This morning, I’m sharing Chapter 5, Part 10 of my story, “Garage Sale Addict”. If you’d like to catch up, here’s:
“Garage Sale Addict, Part 1“
“Garage Sale Addict, Part 2“
“Garage Sale Addict, Part 3“
“Garage Sale Addict-Part 4“
“Garage Sale Addict-Part 5“
“Garage Sale Addict-Part 6”
“Garage Sale Addict-Part 7”
“Garage Sale Addict-Part 8”
“Garage Sale Addict-Part 9“
And, here is my disclaimer one more time…
Disclaimer: I am nervous about sharing this. Instead of me being able to use words like “crap” or my made up favorites like “goody-ness”, what I’m about to share will be held to a higher standard. Because it’s part of my hidden soul-my personal writing projects. Who knows if this will ever go anywhere-but it’s fun to write and to dream. I’d love to hear what you have to say, or maybe I won’t.
Chapter 5-Part 10
Bonnie awoke to a light tapping on her window. She glanced at the clock-3:30 am. Grabbing the robe at the foot of her bed, she walked to the window and gently lifted a slat in the blinds. A pair of eyes stared back at her-the only thing visible in the darkness. Scared, she dropped the blind and jumped back.
“Who are you?,” she called from inside the room. Slowly, she slid the baseball bat out from underneath her bed.
“I may know where your friend Rosalyn is being held,” the muffled voice, with a thick accent, responded. “Let me in and I’ll tell you what you need to know.”
“No way. I’m not letting some stranger in my home at 3:30am. Why didn’t you knock on the front door, like a normal person?”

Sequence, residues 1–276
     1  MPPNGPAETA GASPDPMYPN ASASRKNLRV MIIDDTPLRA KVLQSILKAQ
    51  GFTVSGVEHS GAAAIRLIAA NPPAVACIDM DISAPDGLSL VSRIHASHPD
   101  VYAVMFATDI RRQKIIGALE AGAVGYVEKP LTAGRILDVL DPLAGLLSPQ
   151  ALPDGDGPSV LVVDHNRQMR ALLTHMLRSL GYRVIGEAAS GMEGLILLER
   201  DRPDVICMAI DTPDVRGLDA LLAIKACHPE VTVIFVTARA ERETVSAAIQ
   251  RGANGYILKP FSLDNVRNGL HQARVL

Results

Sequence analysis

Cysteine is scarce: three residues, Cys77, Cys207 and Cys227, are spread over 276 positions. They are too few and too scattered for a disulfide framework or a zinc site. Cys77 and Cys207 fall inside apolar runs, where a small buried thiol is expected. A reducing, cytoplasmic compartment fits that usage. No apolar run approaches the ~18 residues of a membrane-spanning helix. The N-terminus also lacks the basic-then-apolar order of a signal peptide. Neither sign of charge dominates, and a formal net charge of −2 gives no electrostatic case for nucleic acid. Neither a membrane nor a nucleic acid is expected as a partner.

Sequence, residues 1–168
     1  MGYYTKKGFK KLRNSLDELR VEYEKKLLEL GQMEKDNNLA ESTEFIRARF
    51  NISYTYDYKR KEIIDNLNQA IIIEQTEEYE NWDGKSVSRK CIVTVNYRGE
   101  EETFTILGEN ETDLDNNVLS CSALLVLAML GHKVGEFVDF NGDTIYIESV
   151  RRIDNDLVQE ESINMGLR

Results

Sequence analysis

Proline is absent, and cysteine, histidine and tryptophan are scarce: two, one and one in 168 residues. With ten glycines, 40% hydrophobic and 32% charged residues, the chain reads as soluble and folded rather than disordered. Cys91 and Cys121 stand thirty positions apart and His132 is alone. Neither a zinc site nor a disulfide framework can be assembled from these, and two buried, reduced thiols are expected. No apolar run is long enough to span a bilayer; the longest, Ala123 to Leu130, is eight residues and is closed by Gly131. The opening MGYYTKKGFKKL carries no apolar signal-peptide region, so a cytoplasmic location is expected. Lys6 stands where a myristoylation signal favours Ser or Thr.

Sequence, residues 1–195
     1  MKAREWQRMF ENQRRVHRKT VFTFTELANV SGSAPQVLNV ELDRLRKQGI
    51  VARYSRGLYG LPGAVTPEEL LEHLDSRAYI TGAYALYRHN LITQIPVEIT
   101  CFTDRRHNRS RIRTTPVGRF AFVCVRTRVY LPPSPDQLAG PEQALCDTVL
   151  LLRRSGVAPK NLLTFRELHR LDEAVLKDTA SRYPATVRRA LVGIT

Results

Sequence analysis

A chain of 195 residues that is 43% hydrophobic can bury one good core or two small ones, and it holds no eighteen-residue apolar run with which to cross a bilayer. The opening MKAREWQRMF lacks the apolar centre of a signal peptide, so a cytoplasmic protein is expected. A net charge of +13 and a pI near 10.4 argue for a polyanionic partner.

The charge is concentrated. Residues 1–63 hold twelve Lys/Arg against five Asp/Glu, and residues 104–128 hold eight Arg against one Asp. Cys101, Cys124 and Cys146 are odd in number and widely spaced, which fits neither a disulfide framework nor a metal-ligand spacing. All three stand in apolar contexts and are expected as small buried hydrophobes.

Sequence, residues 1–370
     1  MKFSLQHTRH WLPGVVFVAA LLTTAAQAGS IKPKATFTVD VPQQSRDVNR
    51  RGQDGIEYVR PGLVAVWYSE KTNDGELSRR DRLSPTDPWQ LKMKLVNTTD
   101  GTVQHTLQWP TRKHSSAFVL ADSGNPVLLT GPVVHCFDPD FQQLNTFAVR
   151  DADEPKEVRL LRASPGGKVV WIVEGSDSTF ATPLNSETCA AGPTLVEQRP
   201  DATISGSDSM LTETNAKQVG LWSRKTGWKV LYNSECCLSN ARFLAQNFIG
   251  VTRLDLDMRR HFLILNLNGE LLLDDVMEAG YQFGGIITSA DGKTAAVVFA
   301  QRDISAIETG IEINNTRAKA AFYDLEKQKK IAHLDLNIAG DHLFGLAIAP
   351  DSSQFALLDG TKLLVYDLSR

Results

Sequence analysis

“I didn’t want to be seen from the street. Please, I know where they are holding Ms. Jones.”
“Who are you?,” Bonnie moved further away from the window.
“I’m a man that had the same thing happen to him. My name is Tibar. I had garage sales and I was abducted, just like Ms. Jones.”
“Come to the back door. I’ll open the door, but I’m leaving the screen door shut and locked. Try anything and you’ll get a face full of pepper spray. Understand, Tibar?” Bonnie added to her weaponry the pepper spray kept in the night stand drawer.
“I understand. Don’t turn on any lights. We don’t want the neighbors to know.”
Bonnie tied the robe as tight as possible, baseball bat in hand and stuffed the pepper spray in her robe pocket. Slowly, she unlocked the dead bolt and opened the back door.
“How did you know where to find me? How do you know that I know Rosalyn?,” Bonnie stared into the eyes of a short man with greasy brown hair. He was dressed in black from head to toe and looked the part of a cat burglar, save his large belly protruding over his belted pants.
“I came to her sale, and while I was there, I saw him.” Tibar’s eyes grew wide.
“Him? The Suit?”
“Yes. He’s the same man that abducted me.”
“What happened to you? Where did he take you and why did he take you?” Bonnie loosened her grip on her pepper spray.
“I am Tibar, purveyor of fine, used books. I know books and I know their value. But–” Tibar’s finger shot in the air, “–most people don’t. At a flea market, I found an original Velveteen Rabbit and paid $5 for it. I sold it for more than $250.” Tibar’s smile stretched across his face.
“That’s, um, great. But, how does this coincide with the disappearance of my friend?” Bonnie yawned.